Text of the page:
Surviving spouses of permanently and disabled veterans who died of a service-connected disability may use their eligibility. You may also be eligible for VA loans if your spouse died on active duty or from a service-caused disability, and you didn't remarry immediately after your spouse's death. However, if you remarried upon turning 57 years old after your spouse's demise and on/after December 16, 2003, you may be eligible.

The surviving spouse of a service member who's declared missing in action (MIA) or held as a prisoner of war (POW) for at least 90 days may also be eligible. In this case, you're only suitable for a one-time VA loan and exempt from paying the VA Funding Fee.

Other Eligibilities

There’s a broad category of other people who might be eligible for a VA loan guaranty. These include:

  • Public Health Service officials
  • Military service academy cadets
  • Certain merchant seamen
  • National Oceanic and Atmospheric Administration officials.
  • A citizen who served as a U.S ally in the armed forces during World War II


While most borrowers are eligible for VA loans, a borrower's eligibility may be suspended or denied in certain circumstances. The good news is that VA offers a wide range of exceptions to prospective applicants whose military discharges were under other conditions rather than honorable. Since there are a sheer number of VA exceptions, it's in your best interest to consult a VA loan specialist.

The Certificate of Eligibility (COE)

The COE is an important document issued by your lender. It serves as proof of entitlement to VA funding. The COE is not a substitute for a Certificate of Title or registration, but rather an indication that VA has no objections to your acquiring their benefits.

This certificate is issued by a VA Regional Loan Center or a state's Veteran's Affairs Department. It documents that you served in several designated categories of service, including active duty, reserve or guard, national guard, peacetime only, wartime only. The COE also lists your dates of service and confirms your entitlement to VA-guaranteed loans based on those dates.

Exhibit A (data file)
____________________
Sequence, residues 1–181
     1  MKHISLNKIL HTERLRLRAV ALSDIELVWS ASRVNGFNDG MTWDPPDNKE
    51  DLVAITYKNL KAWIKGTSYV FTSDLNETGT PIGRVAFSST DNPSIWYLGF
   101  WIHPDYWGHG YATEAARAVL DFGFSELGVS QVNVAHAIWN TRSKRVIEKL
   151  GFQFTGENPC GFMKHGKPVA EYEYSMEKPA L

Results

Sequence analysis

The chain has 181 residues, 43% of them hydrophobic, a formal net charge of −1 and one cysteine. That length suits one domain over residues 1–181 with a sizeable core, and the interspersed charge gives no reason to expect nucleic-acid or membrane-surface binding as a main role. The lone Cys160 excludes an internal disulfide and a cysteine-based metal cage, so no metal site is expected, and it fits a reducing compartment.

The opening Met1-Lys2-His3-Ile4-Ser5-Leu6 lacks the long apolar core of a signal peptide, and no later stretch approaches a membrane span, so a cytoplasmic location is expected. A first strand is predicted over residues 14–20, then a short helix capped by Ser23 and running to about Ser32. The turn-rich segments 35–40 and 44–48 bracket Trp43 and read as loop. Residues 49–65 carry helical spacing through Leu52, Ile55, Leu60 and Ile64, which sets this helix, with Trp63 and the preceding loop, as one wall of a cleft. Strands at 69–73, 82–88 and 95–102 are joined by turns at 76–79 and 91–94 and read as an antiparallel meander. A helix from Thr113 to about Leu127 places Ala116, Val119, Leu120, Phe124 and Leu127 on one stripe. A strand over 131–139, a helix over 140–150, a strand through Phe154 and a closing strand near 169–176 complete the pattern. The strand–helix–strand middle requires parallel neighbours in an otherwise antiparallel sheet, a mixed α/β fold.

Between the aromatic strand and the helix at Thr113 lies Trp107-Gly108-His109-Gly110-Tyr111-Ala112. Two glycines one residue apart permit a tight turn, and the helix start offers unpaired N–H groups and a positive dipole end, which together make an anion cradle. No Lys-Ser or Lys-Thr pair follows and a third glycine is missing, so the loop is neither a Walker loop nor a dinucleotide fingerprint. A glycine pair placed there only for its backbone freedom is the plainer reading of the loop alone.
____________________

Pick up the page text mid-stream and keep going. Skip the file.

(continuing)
VA Loan Entitlement

VA entitlement is a subject many homebuyers ask about, but they're often unsure of how it works. The rules and regulations surrounding VA loan entitlement can seem confusing to veterans, especially if they don't understand the basic ins and outs of getting a VA loan in the first place. In a nutshell, entitlement is simply a way to express how much you're allowed to borrow from your lender. Entitlement also defines how much of your VA loan benefits you can use to buy a home.

The amount you get is based on factors such as your disability rating, years of service, wartime or peacetime service, discharge conditions, among other eligibility requirements. Additionally, your entitlement status means whether or not you qualify for a full or partial zero-down payment mortgage.

Bottom Line

A VA loan can be an excellent solution to your home-buying needs, especially if you're looking to purchase a property that costs more than the area's median price. But eligibility and entitlement are two key concepts to keep in mind before applying for a VA loan as they'll help you understand what you're getting into and make sure you're using the VA loan in the most efficient way possible.